Law Enforcement Officer Deaths Decline

Law Enforcement Officer Deaths Decline



Fewer law enforcement officers died in​ the​ line of​ duty in​ 2005 than in​ previous years because of​ improvements in​ body armor,​ better training and less-lethal weapons.

A recent report indicates that 153 law enforcement officers across the​ nation died in​ the​ line of​ duty,​ marking a​ continued downward trend over the​ past 30 years.

During the​ 1970s,​ more than 220 officers were killed each year,​ making it​ the​ deadliest decade in​ law enforcement history. But with the​ exception of​ 2001 and the​ high number of​ officers killed in​ the​ 9/11 attacks,​ the​ officer fatality rate has declined to​ 160 per year.

California,​ which lost 17 officers over the​ past year,​ had the​ nation's most line-of-duty fatalities,​ followed by Texas,​ with 14,​ and Georgia,​ with 10. These figures were released by the​ National Law Enforcement Officers Memorial Fund (NLEOMF) and the​ Concerns of​ Police Survivors (COPS),​ two nonprofit organizations. While deaths have declined,​ further safety measures are called for.

"The fact remains that an​ officer dies nearly every other day,​ and we​ need to​ stay focused on​ the​ measures that will protect their lives,​" said National Law Enforcement Officers Memorial Fund Chairman Craig W. Floyd.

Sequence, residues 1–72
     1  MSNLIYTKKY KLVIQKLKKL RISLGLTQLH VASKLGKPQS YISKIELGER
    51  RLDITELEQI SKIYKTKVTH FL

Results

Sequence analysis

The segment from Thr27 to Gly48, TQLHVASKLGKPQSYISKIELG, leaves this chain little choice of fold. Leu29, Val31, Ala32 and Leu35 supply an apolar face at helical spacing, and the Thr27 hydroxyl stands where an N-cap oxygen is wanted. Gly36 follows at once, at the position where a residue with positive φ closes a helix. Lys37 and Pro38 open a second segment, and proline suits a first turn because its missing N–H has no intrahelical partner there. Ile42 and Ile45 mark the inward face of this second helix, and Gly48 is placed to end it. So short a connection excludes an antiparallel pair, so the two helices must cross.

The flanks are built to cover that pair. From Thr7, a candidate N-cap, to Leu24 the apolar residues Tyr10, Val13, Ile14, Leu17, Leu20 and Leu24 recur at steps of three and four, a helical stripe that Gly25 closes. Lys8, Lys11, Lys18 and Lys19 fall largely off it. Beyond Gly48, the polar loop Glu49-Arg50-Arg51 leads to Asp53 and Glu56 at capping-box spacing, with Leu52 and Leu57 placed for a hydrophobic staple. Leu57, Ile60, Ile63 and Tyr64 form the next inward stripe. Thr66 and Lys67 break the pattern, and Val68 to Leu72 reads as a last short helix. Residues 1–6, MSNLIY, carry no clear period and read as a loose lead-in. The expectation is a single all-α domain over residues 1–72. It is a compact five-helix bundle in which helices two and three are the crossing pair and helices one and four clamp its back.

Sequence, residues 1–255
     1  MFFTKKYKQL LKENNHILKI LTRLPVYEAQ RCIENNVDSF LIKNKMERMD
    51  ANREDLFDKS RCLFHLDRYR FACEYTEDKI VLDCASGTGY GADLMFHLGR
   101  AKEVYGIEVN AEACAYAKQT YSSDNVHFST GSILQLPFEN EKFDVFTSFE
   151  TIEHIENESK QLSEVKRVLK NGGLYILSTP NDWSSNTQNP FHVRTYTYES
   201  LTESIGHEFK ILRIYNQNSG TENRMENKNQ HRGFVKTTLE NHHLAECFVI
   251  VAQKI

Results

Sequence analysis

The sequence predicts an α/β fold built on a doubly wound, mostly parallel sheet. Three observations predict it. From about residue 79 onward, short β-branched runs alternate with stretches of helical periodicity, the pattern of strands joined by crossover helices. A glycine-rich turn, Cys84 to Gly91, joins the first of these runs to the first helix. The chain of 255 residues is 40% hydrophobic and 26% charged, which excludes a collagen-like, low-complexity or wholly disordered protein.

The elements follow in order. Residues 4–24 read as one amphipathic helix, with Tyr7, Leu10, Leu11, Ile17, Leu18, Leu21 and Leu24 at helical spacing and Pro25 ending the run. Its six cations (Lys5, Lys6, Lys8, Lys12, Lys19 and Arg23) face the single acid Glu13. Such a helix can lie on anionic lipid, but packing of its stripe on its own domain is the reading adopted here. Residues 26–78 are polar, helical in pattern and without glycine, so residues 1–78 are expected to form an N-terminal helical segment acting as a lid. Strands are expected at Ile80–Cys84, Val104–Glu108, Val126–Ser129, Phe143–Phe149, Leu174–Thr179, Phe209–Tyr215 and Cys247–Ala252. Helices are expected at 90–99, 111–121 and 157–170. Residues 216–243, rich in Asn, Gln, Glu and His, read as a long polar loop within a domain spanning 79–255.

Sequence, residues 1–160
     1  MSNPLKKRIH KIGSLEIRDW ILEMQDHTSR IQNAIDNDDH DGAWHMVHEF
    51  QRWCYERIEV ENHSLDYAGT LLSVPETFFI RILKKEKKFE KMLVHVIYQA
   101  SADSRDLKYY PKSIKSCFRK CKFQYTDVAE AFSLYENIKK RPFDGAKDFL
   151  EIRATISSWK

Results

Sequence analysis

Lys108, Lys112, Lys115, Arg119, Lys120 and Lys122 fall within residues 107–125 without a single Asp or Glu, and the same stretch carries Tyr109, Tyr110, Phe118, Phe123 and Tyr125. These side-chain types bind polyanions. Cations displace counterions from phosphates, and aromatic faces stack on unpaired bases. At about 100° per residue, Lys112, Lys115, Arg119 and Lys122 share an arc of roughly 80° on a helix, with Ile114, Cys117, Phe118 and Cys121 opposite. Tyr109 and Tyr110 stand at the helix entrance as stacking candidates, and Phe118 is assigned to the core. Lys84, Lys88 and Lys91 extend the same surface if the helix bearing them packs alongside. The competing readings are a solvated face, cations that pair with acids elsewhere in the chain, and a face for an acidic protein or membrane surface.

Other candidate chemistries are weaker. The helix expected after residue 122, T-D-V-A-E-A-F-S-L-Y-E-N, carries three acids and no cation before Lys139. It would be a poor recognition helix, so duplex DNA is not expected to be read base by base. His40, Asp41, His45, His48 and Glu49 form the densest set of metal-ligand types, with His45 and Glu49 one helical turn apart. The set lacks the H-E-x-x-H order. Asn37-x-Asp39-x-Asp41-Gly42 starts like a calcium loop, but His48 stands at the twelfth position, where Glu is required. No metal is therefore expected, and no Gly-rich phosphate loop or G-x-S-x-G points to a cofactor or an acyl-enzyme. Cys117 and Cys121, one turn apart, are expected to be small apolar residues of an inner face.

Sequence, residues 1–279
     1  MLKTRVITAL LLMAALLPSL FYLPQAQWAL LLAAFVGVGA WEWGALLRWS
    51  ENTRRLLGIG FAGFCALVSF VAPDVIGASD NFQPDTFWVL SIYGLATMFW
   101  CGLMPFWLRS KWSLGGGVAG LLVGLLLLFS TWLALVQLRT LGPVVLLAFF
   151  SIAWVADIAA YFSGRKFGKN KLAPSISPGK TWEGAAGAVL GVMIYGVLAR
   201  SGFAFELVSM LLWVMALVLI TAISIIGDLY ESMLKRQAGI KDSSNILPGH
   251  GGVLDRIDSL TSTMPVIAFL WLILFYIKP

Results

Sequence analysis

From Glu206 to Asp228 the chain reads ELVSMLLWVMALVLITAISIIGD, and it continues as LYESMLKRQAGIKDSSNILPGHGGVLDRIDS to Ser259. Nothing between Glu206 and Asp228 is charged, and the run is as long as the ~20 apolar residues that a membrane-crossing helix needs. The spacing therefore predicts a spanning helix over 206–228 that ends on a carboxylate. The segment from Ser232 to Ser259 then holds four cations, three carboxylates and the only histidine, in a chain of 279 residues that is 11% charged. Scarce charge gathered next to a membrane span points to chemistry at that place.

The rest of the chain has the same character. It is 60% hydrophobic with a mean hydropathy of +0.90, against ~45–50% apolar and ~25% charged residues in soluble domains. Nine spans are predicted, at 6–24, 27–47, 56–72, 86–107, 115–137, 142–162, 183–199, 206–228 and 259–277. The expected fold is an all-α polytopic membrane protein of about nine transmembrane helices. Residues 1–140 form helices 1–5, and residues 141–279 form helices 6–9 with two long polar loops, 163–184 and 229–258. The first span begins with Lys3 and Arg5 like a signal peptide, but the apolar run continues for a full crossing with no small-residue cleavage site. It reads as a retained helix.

The NLEOMF and its partner organization,​ the​ International Association of​ Chiefs of​ Police (IACP),​ noted the​ importance of​ body armor.

According to​ the​ IACP Dupont Kevlar Survivors' Club®,​ which tracks incidents in​ which the​ armor has saved officers' lives,​ nearly 3,​000 officers have been protected from potentially fatal injuries since 1975.

Because this is​ the​ second consecutive year in​ which traffic-related accidents either equaled or​ topped gunfire as​ the​ leading cause of​ death,​ the​ NLEOMF and COPS are calling for better driver training for officers,​ safer automobiles,​ and a​ driving public that is​ more attentive to​ officer safety when approaching accident scenes and traffic stops.

Every officer who died in​ the​ line of​ duty during 2005 will be honored at​ a​ Candlelight Vigil on​ May 13,​ 2006,​ during National Police Week.

"When law enforcement officers die in​ the​ line of​ duty,​ their families need strong support. Concerns of​ Police Survivors will be there for the​ families who lost an​ officer in​ 2005,​" said COPS National President Shirley Gibson,​ whose son,​ Police Master Patrol Officer Brian T. Gibson,​ was killed in​ 1997.




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